Spring Cleaning – Pond Style
Posted in Ponds and Water Features on February 3, 2015
Cleaning Your Pond to be the Perfect Water Feature
Just like snowflakes, each pond is unique. Not every pond needs a good spring clean-out: 2,000 square feet and over do well with a cleaning every few years. Ponds even larger than that might never need to be cleaned; the impurities are minimal compare to the amount of water present. Smaller ponds more than likely need a spring cleaning. An easy way to decide is this: does your pond look the same now as it did last summer? If yes, forget the cleaning and go straight to enjoying it. However, if it doesn’t look so good, read on to find out the best way for cleaning your pond.
- A container to hold aquatic life (fish, frogs)
- A Clean-out pump
- 25’ of 1.5” – 2” discharge piping
- A high-pressure hose nozzle or a pressure washer
- Plant trimming shears
- A bucket for collected debris
- Rubber gloves
- A beneficial bacteria treatment
- A de-chlorinator
- Extra gravel or rocks
- New filter mats
- Aquatic plant fertilizer
- Black waterfall foam
- A fish net
- The below-recommended products (carried by your local Hydro-Scape)
Twelve Steps to Cleaning Your Pond
- Power down the system. Turn off automatic water fill valves and unplug the waterfall pump. Make sure the check valve is disconnected from the return line and drain the pipe and waterfall box.
- Drain your pond. Depending on the size of your pond, you’ll use either a clean-out pump (large ponds) or a small, screened pump (small ponds). Make sure you have a container filled with pond water for your fish and place it out of direct sunlight. This will prevent the water temperature from changing too much and shocking the fish.
- Go fishing! No, not for dinner. When the pond is down to about 8” of water, net the fish and put them in the temporary storage container. Cover it with net or screening to keep the fish from jumping out. Koi and goldfish will jump more as water temp changes in the storage container. Aerate the container with a small pump to prevent de-oxygenation and fish death.
- Clean up debris. The whole point of the venture is to get a clean pond. Trim plants near your pond that may drop leaf debris into it. Wearing rubber gloves pull out twigs and leaves. Prune any aquatic plants that have died back; this encourages new growth. If you have overgrown plants, split them and share the leftovers with a friend or your local water gardening club. Use a shop vac or pond vacuum to suck up the accumulated sludge at the bottom of your pond.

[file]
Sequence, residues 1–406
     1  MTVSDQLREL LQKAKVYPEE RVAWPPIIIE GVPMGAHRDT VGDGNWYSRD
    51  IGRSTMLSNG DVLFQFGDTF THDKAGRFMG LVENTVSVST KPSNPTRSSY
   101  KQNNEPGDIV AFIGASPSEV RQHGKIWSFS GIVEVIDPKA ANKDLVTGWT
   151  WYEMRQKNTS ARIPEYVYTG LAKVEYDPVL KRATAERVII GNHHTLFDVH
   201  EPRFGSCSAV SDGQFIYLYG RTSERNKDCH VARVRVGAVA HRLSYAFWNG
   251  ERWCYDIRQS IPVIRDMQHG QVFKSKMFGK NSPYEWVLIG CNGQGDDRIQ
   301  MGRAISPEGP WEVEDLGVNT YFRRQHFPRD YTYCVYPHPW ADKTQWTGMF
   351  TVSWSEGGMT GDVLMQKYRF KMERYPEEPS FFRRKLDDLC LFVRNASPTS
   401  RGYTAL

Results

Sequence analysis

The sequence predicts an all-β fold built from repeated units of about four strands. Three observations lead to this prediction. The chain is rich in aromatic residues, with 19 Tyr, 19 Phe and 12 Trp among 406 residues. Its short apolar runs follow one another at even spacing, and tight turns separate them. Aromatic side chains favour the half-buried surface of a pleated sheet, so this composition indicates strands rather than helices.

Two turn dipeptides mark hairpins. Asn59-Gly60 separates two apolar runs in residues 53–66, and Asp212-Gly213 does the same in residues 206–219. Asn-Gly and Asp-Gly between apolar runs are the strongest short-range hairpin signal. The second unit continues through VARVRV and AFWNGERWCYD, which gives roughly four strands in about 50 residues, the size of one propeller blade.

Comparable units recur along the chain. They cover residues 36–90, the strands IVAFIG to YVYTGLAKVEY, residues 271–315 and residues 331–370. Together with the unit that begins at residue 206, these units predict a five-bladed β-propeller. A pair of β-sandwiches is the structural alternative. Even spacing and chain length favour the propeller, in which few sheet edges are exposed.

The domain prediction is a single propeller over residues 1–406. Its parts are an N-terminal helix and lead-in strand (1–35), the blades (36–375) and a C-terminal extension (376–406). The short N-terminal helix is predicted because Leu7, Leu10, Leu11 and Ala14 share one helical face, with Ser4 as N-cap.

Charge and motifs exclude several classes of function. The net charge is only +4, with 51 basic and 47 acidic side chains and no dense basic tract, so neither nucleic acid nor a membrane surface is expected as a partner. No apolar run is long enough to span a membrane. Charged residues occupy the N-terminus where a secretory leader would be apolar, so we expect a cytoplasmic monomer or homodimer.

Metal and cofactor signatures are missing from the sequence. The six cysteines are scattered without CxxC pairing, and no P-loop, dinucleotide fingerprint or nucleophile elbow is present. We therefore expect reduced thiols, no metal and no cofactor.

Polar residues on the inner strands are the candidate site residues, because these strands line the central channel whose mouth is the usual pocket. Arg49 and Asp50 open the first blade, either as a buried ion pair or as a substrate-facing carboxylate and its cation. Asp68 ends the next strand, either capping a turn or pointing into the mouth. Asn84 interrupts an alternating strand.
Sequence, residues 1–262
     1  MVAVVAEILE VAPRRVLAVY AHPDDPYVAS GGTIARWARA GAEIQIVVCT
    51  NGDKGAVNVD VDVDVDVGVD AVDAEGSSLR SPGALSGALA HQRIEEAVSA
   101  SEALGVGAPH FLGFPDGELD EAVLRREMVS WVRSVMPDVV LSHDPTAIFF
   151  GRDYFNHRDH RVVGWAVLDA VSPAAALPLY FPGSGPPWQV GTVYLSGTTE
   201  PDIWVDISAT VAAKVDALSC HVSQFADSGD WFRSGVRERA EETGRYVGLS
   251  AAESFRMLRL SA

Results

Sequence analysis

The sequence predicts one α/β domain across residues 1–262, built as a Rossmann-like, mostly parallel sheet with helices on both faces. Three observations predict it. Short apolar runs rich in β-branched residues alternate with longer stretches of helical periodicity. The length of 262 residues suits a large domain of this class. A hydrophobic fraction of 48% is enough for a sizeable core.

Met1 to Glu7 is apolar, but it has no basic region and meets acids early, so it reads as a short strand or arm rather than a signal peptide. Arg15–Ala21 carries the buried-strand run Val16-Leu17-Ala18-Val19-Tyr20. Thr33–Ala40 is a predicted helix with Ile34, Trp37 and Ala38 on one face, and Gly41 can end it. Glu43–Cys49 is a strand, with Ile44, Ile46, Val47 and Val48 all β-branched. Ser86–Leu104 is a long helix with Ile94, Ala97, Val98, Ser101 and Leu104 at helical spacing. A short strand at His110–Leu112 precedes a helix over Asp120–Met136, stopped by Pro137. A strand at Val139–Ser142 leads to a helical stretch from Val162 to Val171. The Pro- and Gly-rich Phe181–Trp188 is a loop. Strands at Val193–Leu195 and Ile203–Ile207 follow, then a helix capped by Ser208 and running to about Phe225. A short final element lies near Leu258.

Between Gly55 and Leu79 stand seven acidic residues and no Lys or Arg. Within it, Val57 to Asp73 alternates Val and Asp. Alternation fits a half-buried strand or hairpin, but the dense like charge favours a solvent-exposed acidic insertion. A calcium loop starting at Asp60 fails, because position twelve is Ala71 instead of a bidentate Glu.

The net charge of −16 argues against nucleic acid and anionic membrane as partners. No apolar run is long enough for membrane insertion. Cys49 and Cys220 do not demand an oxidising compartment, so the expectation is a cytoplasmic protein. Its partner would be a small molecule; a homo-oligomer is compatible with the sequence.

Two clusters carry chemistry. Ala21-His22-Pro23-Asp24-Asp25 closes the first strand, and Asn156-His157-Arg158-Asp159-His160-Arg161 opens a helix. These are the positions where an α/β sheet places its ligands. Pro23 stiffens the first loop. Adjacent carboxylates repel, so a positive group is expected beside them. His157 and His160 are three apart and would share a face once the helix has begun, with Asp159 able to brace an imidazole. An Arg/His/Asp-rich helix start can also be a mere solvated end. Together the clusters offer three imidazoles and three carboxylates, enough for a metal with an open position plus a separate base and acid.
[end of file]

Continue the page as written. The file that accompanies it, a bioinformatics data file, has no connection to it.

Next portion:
- Wash your pond. Use a 1,500 psi pressure washer or put a high-pressure nozzle on your garden hose. Be careful not to over-clean, though; some of the algae is helpful in creating your pond’s ecosystem. Don’t use soaps or detergents, even bio-degradable products.
- Rinse. Don’t worry “repeat” isn’t step 7. Getting rid of the debris around rocks and gravel takes time and patience. The power washer or high-pressure nozzle isn’t needed for this step and in fact, may make more work for you by displacing the gravel along with the debris. Keep the clean-out pump running so as to remove the sediment you’re rinsing out. You may want a helper to shut off and turn on the pump if it’s removing water faster than you’re replacing it with the hose. Keep rinsing from top to bottom until the water is clear.
- Filter cleaning. Get the water out of the skimmer and pull out all debris. Hose out the waterfall filter box and let that water go into the skimmer. Then re-clean the skimmer box. Next, hose down the filter mat and clean the net. The waterfall filter box mats must be cleaned too, as must the bio-filter media bags. Just hose them down until the water runs clean. You may need to replace natural media such a lava rock as it clogs after about two years of use. We recommend putting Matala mats in the box as they are lightweight. Only replace half of the biological media at a time or else you risk removing all of the helpful bacteria. Don’t clean the waterfall box more than once a year because it holds a lot of the beneficial bacteria too, just like the rocks and gravel in your pond. A lack of bacteria can cause toxic ammonia and nitrite increase.
- Refill, please. Remove the clean-out pump and turn on the garden hose. If you don’t already know, you can use this chance to determine how much water your pond holds. There are two different methods:hook up a water meter to your hose or use your home’s water meter. Double-check your water bill to find out if your meter measures by gallons or cubic feet. One cubic foot = 7.48 gallons.
- De-chlorinate. Before you can put the fish back in the pond, you’ll need to add a de-chlorinator since most city water has chloramines and chlorine. The good news is that these products work almost immediately so this is a short step before moving your fish back home.
- Acclimate your fish. All this action can stress out your fish, which can cause illness or death. You can reduce this stress via proper acclimation. Start by moving the fish to smaller buckets of old pond water once the pond has about 1” of new water. Place the buckets in the new pond water so the fish can get used to the new temperature; this takes about fifteen minutes. You can further lower stress by adding pond salt which helps the fish build up and keep a slime-coat; this coat is often damaged by repeat transfers.
- Toss in some beneficial bacteria. Since you’ve just removed most of the helpful bacteria, it’s vital that you get on a replacement schedule. We recommend Bio-Max+® products; just follow the container instructions. You should also use an algae preventative like barley straw or ClarityMax+®.
- Enjoy the beauty of your freshly-cleaned pond! Get a tall glass of something delicious, grab a good book and put your feet up in your chaise lounge, it’s time to relax after all that work!